I am a regular party thrower, or perhaps regularish. I host a party a few times a year, sometimes larger, sometimes smaller, sometimes for a reason and sometimes just because it is nice to host a party. You plan, you invite, you entertain and chat with friends, some of whom perhaps you don’t see all that often. You provide food and drink and maybe music or games and you do this because you are fond of the people you have invited and you want them to enjoy themselves. They are people that you want to spend time with, or that you want to celebrate something with and that act of hosting a party is something of a gift to them in acknowledgment of your fondness. And so to me, it does not feel so fond, or so welcoming, or something I can’t quite put my finger on it, when at the end of a party you are presented with a bill for your pro-rata share of the festivities.
In the last several years I have been invited to a number of parties, usually birthday parties for an adult, at a restaurant. You are welcomed by the “host,” frequently the spouse of the celebrant, or perhaps the celebrant themselves, invited to order a drink or have a glass of whatever is being offered and then shown your seat. You may choose from the limited menu, you may eat, drink and make merry and then you may pay. And in exactly zero of the events that I have attended ostensibly as a guest but as it turns out as a funder I am never thanked by the “host” for my contribution to the party. It may be said, “it was good to see you,” or “let’s do this again soon.” But I have never been thanked for being a part of the collective hosting of the event, neither have I been asked if I wanted to be involved in the planning of the event that I will be hosting, nor, and perhaps it goes without saying, have I been informed that I will buying a ticket to the party in advance. I care deeply about my friends but that little bit of information might make me consider whether or not I want to celebrate with them at the big party or perhaps instead during a quite lunch, dinner, movie whatever else of my suggestion given that I am hosting.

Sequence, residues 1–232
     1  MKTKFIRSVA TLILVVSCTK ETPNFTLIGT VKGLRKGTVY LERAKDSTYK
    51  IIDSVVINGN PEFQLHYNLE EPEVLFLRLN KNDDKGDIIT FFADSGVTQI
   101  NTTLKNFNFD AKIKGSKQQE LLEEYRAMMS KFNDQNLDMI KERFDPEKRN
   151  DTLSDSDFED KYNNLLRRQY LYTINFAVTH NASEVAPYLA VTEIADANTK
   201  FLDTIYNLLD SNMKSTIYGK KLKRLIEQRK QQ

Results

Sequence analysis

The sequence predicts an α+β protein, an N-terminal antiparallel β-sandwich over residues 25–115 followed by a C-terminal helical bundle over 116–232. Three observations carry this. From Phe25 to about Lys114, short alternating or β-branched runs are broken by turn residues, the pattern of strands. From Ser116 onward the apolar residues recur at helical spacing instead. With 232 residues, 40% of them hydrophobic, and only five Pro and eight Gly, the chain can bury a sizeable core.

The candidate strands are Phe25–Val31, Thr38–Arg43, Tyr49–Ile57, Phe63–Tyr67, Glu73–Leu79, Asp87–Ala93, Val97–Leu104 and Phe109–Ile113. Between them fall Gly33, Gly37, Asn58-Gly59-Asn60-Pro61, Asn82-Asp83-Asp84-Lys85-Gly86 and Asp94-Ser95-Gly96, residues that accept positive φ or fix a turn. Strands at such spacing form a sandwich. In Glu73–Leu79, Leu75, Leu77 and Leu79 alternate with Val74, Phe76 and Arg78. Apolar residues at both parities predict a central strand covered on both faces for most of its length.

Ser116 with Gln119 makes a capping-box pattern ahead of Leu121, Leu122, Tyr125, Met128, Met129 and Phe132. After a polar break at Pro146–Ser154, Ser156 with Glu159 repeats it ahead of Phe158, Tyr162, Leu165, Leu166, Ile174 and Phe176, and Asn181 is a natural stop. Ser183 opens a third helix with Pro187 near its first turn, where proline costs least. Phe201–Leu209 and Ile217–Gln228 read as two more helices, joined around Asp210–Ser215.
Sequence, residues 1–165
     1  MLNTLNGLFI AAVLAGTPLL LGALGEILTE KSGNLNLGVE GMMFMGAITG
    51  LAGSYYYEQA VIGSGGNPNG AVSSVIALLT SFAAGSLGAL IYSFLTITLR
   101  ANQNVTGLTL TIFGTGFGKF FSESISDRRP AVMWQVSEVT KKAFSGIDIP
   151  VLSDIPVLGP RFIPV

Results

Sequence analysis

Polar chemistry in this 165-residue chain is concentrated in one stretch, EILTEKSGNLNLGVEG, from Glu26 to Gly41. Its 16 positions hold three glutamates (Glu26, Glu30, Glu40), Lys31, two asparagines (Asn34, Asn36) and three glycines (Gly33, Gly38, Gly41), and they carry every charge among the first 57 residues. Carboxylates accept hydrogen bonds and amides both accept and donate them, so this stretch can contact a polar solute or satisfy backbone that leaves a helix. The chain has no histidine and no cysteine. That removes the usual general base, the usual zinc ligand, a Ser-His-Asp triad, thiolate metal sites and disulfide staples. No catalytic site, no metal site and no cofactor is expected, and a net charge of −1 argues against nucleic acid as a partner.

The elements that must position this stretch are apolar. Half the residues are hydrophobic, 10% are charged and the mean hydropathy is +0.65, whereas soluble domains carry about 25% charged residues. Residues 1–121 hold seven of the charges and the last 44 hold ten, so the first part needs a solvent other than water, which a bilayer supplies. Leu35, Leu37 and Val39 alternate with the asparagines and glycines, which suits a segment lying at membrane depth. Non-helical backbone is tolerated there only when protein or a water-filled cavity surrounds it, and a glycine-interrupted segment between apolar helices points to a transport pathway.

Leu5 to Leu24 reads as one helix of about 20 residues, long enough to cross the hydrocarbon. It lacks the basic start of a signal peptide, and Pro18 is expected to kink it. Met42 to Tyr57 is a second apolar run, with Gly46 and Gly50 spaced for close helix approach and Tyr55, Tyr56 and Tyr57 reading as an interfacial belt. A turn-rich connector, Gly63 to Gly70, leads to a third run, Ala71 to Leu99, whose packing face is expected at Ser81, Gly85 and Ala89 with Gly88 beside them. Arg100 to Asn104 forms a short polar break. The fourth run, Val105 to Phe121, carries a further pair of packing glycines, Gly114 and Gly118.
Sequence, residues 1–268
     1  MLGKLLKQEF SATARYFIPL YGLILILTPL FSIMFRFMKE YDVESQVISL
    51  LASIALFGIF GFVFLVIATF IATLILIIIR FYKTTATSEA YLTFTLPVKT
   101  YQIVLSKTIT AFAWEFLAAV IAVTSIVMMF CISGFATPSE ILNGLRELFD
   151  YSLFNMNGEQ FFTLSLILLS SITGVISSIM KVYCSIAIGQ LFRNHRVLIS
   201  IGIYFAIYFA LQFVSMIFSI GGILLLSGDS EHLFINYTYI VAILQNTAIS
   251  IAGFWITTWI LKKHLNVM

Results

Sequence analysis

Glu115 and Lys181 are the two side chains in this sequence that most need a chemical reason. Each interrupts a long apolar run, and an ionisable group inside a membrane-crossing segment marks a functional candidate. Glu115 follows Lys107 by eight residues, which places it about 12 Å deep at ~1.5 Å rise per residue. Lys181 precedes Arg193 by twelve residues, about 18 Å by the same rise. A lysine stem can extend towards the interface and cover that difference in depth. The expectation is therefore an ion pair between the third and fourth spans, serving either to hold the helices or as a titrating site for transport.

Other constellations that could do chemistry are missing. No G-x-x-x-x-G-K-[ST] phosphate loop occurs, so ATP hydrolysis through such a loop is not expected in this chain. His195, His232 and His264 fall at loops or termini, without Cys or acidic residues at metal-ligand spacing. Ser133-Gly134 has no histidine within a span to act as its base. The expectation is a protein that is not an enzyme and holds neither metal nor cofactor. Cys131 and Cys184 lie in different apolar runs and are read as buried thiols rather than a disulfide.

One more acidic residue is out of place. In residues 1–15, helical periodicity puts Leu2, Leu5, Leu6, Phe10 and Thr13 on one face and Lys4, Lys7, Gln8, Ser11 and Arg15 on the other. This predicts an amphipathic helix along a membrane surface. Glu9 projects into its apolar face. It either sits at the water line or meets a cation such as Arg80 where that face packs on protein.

This is probably a good spot to digress and say I am also not a fan of registries for gifts. They had a purpose long ago for people getting married and for the birth of a first child. That purpose has largely been lost as couples live together for long years prior to a wedding, and you can basically get a baby started kit in a box at Target. Registries now exists for every conceivable gift giving event and they have become and embarrassing exercise in self-centered demands for presents. We can talk about the art of gift giving on another day.
There is of course a simple, if old-fashioned solution to the problem of who is paying for the party. When it comes to good manners you really don’t have to reinvent the wheel. On the invitation you simply say “hosted” or “no host.” That’s it. Then people who you are inviting understand that you are welcoming them to an event at which they are your guests, or they understand that you are asking if they would like to join you for an outing of your choice (it is after all your birthday) and that you will be independently responsible for your costs. “Hosted” or “no host.” That is all the information anyone needs in advance and they can decide what they want to do about it. When you come to me, or have your proxy come to me at the end of a party and present me with a bill, well that is just tacky and rather than feeling like a cared for friend, well I feel used.